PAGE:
Local historian and teacher, Norman Warnell comments “I never pass the Doyle Valley overlook (near the Park’s north boundary) that I am not reminded of the numerous Doyles and clans that lived in this area in the early days. So plentiful were the Doyles, that they had to attach handles to their names to distinguish those who had the same first name. One man was even named “Doyle” Doyle!” (Warnell)
Turn Left onto HWY 728 headed towards Nolin Dam. Just a mile down the road on the left is Double J’s Stables and Campground where one can rent horses or bring their own and ride 75 miles of trails through the National Park. Roadside gravesites, churches, pastureland, country stores and tobacco fields are just a few of the sites one sees along this road.
Two bed and breakfasts can be found and lakeside cabins are available to rent. Camping, picnic area, boat ramp and swimming area are available.
On the left is Bylew Hollow, the largest hollow in Edmonson County. The creek flowing through the hollow empties into Nolin River south of Whistler Mountain (named for the eerie sounds of the wind blowing through the numerous pines located on the mountain). In January 1902, Washington Meredith’s pack of hounds gave chase to the wolf which was shot near the great Dismal Rock by Mr. Noah Duvall.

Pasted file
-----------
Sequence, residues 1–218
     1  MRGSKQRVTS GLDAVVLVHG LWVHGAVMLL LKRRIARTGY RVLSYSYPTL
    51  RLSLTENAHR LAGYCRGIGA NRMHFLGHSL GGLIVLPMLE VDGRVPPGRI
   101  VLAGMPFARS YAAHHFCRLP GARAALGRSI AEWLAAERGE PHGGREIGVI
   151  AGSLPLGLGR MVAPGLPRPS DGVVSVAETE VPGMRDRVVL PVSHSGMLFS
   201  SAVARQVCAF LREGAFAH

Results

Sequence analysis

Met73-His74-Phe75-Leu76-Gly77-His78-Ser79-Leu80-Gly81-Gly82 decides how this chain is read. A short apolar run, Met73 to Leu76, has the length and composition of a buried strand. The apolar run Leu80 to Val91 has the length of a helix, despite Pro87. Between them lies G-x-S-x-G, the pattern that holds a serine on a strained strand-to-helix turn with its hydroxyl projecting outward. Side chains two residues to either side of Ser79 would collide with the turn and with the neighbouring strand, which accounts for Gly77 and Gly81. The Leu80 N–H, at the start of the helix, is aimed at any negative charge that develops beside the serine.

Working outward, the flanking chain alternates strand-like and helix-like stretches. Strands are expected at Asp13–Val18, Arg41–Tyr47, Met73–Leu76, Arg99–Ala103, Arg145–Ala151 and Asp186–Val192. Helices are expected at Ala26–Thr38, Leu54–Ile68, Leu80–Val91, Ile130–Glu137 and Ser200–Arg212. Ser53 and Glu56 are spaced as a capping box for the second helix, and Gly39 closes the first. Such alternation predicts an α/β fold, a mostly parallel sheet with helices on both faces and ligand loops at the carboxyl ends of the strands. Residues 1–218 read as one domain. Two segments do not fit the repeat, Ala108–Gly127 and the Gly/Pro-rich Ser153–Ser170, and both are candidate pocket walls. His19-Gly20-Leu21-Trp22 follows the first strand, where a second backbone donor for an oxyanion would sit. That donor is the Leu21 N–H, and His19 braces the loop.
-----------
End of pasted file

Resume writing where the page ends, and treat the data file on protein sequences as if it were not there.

Dismal Rock which stands below Nolin Dam is an ancient landmark known by the Indians and the early Longhunters who first came into this area. There is a scenic overlook provided by the U.S. Corps of Engineers.
In the face of the sheer 200 foot rock wall of Dismal Rock can be seen numerous holes, one of which was the home to a hive of bees at one time for a period of over 20 years. When the hot sun would strike the rock during the summer months, honey could sometimes be seen flowing from the hole.
There is a short, easy hike to the top of Dismal Rock from Hwy 728, which overlooks Nolin Dam. It also gives one a breathtaking view of Nolin River and Recreation Area. Restroom facilities, picnic areas, boat ramp and ample parking are available. Nolin River is a catch/release point for trout.
Many people rent a canoe from Saling’s Grocery up the road and take a trip down this very scenic river. Continuing on our scenic drive along Hwy 728, one climbs out of the Hollows past ponds and an old log house.
HWY 728 Ends at HWY 259. Turn Left
Side Trip - If one turns right, they will find themselves in Sweeden. Sweeden took its name from the Swedish families that settled in this area. The first family to arrive in Edmonson County from Sweden was the John Swanson family. This was about 1884. The Erlandson family now rest in the Sweeden Church Cemetery across the highway from the site where their home stood for many years. A plaque stands by the church dedicating the church in their memory.
It was this community that the last work force of the Kentucky Rock Asphalt Company operated. The road leading to Kyrock exists from Hwy 259 in the Sweeden Community as well as the road going to Black Gold, another asphalt community.
Turning left on Hwy 259 takes one through the Bee Springs community which got its name when a party of surveyors discovered a great number of honey bees watering at a spring nearby. This small community once had a flour and grist mill, a saw mill, one church and school facilities. From time to time the number of general stores have varied. Linda’s Place, a very popular restaurant specializing in country cookin’ is the community’s gathering place. Each Fall, the annual Ole Timer’s Days is held nearby which attracts hundreds to celebrate days gone by.